I am aware that a major part of Johnson's argument was aimed at scientists who adhere to naturalism and use their metaphysical presuppositions as well as Darwinian theory to deny the existence of God. This is implied in the definition of "Darwinism" given above. I agree that this strategy by agnostic or atheistic scientists is invalid and should be resisted. However, I am also concerned that the "godless" (or theologically neutral) nature of science does not seem to have been widely appreciated, especially among those of us who are Christians. And I think a careful look at some of the ramifications of it could be quite important as we evangelicals continue to struggle with Darwin's theory. My primary objective in this communication is to discuss some of the possible implications of the "godless" nature of science, especially biological evolutionary theory. Secondly, I would like to call out to the philosophers (theological and scientific) among us for help.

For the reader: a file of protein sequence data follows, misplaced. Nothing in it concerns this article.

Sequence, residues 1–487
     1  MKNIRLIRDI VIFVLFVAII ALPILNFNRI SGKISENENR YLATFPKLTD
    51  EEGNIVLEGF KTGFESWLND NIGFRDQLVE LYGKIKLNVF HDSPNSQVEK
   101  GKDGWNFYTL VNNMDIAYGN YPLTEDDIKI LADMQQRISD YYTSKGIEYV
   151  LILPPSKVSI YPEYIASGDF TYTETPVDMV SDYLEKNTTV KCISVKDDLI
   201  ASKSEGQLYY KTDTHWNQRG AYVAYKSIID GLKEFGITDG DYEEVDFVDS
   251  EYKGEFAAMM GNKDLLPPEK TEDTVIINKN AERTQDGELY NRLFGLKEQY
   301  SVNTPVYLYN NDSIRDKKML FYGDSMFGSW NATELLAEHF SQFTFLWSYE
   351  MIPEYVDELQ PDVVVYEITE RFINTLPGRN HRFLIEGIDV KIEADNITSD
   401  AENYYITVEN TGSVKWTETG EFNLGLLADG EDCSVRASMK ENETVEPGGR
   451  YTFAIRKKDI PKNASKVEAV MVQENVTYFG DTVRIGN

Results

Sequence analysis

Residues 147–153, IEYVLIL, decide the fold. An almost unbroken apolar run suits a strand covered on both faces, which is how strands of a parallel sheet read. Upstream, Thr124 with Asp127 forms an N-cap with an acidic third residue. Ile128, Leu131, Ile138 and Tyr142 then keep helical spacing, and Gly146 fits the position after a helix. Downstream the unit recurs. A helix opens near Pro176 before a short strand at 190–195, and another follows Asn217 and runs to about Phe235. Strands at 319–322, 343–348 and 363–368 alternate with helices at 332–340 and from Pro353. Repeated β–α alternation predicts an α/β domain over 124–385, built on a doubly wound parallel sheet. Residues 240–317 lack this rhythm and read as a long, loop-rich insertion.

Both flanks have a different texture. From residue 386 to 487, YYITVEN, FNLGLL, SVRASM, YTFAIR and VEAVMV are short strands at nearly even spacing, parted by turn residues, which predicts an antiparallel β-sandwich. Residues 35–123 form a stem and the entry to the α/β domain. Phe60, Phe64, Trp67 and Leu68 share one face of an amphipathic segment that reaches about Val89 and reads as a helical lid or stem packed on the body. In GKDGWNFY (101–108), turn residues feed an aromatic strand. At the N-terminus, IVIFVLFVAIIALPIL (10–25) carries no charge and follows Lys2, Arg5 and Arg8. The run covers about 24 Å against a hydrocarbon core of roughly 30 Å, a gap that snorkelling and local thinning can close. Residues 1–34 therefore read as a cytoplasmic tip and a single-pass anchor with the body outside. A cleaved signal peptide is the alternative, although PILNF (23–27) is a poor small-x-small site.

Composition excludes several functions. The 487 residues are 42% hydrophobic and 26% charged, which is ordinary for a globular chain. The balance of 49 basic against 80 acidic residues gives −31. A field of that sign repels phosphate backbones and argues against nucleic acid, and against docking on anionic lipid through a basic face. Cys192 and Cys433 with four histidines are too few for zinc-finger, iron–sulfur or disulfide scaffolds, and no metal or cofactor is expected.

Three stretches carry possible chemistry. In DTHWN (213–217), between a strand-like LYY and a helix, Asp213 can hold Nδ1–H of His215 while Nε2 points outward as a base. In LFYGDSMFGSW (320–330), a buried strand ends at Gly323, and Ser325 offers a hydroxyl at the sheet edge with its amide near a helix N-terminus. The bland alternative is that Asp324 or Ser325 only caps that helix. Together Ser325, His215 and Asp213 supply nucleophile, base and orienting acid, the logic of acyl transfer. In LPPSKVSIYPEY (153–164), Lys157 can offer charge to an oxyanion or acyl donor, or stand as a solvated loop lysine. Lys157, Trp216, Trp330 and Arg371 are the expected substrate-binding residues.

In most cases for most natural sciences, the restriction to natural causes seems to be understood, accepted, and generally thought to be of little consequence by both scientists and others. For example, when was the last time you heard or read a "Christian critique" of quantum mechanics, or of continental drift theory? Probably never. Yet if God is continually "at work" in maintaining his creation, then these theories actually describe God's actions in the non-biotic part of creation. However, when it comes to the theory of biological evolution, it seems that every Christian has heard some pastor, theologian, or other Christian leader expound upon his or her position on the matter. And the Christian's position on this scientific theory is typically based upon an interpretation of what the Bible has to say concerning how God brought about his creation. In particular, how literally/historically we as Christians in general view the first two chapters of Genesis largely determines how most Christians as individuals feel about evolution. In other words, we press our Scriptures, which are primarily concerned with God and his dealings with creation, into direct comparison with scientific explanations which cannot contain any mention of God. I think this approach has proven itself to be extremely counter-productive, and in fact is essentially the trap that Christians have fallen into for centuries when they have reacted to various scientific theories. Nonetheless, the conflict continues. Why?